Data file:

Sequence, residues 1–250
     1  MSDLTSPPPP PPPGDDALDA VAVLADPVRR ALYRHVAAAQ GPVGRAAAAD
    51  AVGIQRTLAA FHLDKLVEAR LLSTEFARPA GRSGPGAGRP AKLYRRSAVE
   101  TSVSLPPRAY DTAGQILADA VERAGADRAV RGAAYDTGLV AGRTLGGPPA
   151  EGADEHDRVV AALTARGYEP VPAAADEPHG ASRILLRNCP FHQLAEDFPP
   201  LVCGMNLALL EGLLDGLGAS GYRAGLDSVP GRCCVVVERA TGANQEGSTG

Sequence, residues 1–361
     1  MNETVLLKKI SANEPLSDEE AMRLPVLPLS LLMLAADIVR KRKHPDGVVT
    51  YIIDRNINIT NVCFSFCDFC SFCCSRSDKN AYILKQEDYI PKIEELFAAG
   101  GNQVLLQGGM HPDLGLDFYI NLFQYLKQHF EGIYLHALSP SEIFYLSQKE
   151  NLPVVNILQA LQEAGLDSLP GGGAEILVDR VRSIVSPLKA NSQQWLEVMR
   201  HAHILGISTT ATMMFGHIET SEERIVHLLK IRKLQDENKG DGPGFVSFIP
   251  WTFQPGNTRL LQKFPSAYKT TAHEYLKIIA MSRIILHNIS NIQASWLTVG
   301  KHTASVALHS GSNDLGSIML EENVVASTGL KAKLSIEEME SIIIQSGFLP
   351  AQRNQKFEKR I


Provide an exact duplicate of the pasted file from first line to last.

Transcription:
Sequence, residues 1–250
     1  MSDLTSPPPP PPPGDDALDA VAVLADPVRR ALYRHVAAAQ GPVGRAAAAD
    51  AVGIQRTLAA FHLDKLVEAR LLSTEFARPA GRSGPGAGRP AKLYRRSAVE
   101  TSVSLPPRAY DTAGQILADA VERAGADRAV RGAAYDTGLV AGRTLGGPPA
   151  EGADEHDRVV AALTARGYEP VPAAADEPHG ASRILLRNCP FHQLAEDFPP
   201  LVCGMNLALL EGLLDGLGAS GYRAGLDSVP GRCCVVVERA TGANQEGSTG

Sequence, residues 1–361
     1  MNETVLLKKI SANEPLSDEE AMRLPVLPLS LLMLAADIVR KRKHPDGVVT
    51  YIIDRNINIT NVCFSFCDFC SFCCSRSDKN AYILKQEDYI PKIEELFAAG
   101  GNQVLLQGGM HPDLGLDFYI NLFQYLKQHF EGIYLHALSP SEIFYLSQKE
   151  NLPVVNILQA LQEAGLDSLP GGGAEILVDR VRSIVSPLKA NSQQWLEVMR
   201  HAHILGISTT ATMMFGHIET SEERIVHLLK IRKLQDENKG DGPGFVSFIP
   251  WTFQPGNTRL LQKFPSAYKT TAHEYLKIIA MSRIILHNIS NIQASWLTVG
   301  KHTASVALHS GSNDLGSIML EENVVASTGL KAKLSIEEME SIIIQSGFLP
   351  AQRNQKFEKR I